- Create the same design in different colors and variations, especially once you have an idea of which designs are popular with your audience.
- Adjust designs for individual product types. For example, use a transparent background for a t-shirt or sticker, use coloured background or make the design into a pattern for tapestries and pillows, remove text for leggings and apparel where it doesn’t work, etc.
Here are some more posts to help you sell your art online:
Thanks for stopping by, I hope you’ve found these tips helpful. If you have any other ideas or questions feel free to post in the comments below!
This speed drawing video I created shows the making of my latest design “Mountain Mandala”!
After drawing the mandala I scanned and edited it using Adobe Illustrator and Photoshop (not shown in the video).
I’ve started creating these videos to work on my recording and editing skills. It’s also just a fun creative project to work on.
The video was recorded on my phone, which is funny because I tried using my old digital camera but it was worse quality than my bottom-of-the-line smartphone! It’s crazy how quickly technology improves.
To position the phone above the drawing surface I used a flexible holding arm I bought from Amazon. To edit the video I used Adobe Premiere Pro.
Mountain Mandala has been uploaded to my various stores, check out some product samples below! I think it looks pretty good on the black background actually.
Mountain Mandala Throw Blanket from Society6
Mountain Mandala Mug from Redbubble
Mountain Mandala Tank Top from Society6
Mountain Mandala Sticker from Redbubble
Mountain Mandala Wall Tapestry from Society6
Feel free to check out some of my other videos and/or follow my Youtube Channel to see more videos in the future. I’ve been thinking about doing some tutorials for mandalas and things like that so if you’re interested in that make sure to hit that subscribe button!
If you have any questions about my process feel free to ask below!
Today I wanted to share with you guys my design process, specifically one of the ways I like to create artwork for my POD webstores such as Redbubble, Zazzle, Society6, etc.
This is just one of many ways I create designs, and a technique you can use to turn black and white drawings into digital line art — which you can then use any way you choose.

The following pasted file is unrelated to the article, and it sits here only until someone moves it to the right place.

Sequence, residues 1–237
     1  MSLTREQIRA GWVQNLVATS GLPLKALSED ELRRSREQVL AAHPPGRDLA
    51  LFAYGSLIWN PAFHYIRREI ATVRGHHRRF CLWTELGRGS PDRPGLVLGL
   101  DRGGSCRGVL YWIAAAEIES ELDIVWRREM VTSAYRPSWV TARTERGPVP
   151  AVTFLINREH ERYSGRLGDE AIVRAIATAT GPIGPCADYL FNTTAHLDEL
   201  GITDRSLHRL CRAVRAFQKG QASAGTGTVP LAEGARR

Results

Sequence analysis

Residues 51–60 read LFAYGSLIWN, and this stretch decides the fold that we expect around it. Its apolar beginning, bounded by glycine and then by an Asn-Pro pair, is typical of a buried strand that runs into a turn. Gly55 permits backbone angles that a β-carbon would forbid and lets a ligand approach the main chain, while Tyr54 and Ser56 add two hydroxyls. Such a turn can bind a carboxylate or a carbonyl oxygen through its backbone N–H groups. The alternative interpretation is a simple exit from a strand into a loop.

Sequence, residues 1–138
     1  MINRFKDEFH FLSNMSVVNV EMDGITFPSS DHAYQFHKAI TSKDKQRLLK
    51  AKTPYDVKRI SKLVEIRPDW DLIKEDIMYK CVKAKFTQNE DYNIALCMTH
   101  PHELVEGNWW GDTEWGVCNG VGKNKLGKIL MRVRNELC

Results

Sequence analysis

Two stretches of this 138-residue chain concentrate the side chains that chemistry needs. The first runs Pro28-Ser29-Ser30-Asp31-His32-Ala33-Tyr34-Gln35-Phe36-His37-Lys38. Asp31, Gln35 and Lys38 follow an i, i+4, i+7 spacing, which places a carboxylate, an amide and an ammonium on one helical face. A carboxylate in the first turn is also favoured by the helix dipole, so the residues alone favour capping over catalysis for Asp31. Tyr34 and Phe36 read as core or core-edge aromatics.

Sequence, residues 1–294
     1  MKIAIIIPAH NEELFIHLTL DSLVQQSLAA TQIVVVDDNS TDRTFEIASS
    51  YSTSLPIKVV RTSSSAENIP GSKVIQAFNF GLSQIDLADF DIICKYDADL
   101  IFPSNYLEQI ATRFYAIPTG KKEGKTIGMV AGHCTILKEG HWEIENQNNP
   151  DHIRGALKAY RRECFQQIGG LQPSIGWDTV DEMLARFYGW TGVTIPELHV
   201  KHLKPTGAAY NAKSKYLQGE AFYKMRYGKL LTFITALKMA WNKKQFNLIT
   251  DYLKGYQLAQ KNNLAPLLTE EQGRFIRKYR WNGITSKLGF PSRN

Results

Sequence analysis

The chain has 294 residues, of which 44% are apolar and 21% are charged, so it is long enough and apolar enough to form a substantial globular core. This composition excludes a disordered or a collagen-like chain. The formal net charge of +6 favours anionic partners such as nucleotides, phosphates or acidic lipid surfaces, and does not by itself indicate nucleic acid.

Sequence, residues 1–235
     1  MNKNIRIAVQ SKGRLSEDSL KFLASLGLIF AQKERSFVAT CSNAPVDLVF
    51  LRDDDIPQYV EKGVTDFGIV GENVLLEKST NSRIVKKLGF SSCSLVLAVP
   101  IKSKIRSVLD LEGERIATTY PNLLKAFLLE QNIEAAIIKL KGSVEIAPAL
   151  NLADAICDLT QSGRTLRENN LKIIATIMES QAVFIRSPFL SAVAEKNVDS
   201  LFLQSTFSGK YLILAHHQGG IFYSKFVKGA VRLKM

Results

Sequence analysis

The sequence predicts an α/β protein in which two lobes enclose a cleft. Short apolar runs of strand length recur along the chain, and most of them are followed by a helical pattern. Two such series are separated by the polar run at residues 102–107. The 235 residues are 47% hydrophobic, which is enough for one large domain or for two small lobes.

- I usually start out with some ideas in my sketchbook, and sometimes make a short list of designs I would like to try. I often look online for inspiration and have a few things in mind before I get started.
- Once I have a design I like, I re-draw it lightly on a clean page (8.5″ x 11″) in pencil.
- I go over the pencil drawing with a black Sharpie or another fine black ink pen, to get something like this:
- I scan each design separately into Photoshop.
- I clean up the image as much as possible using tools such as desaturate, Brightness/Contrast, Curves, and erase to clean up any little black dots or dust bits that are showing. I use colour selection tool to select the black line only, then create a new layer and fill in with black. Once I am finished with this step, I save the file as a .PSD.
- The result of this process is that you get much smoother lines than if you don’t use Image Trace in Illustrator. This is important if you are having the designs printed, especially in large sizes.
- Save the image as a .PNG (using Save for Web) and make sure it’s a large size (at least 6000 x 6000 pixels). I believe you can also just save it as an Illustrator file and open it up in Photoshop.
- Open up the .PNG image in Photoshop and fill or colour it in however you desire. I like to use layers, fill with gradients and use layer settings (ex. Screen) or just paint on another layer using a drawing tablet. There is basically an endless variety of ways you can use your line art.
- Save your finished design as the correct file type and size(s) for the POD site you are creating for. I always save a .PSD file as well (with all my layers in tact) so I can open it again later and use the same design multiple times.
Here are some examples of work that I have used this technique for:
And there you have it! Hopefully you now have a little bit of insight into how I create my designs for sale, and maybe even learned a new technique to try out for yourself.
Feel free to leave any questions or comments about this process in the comments section below.
Have a great week everyone!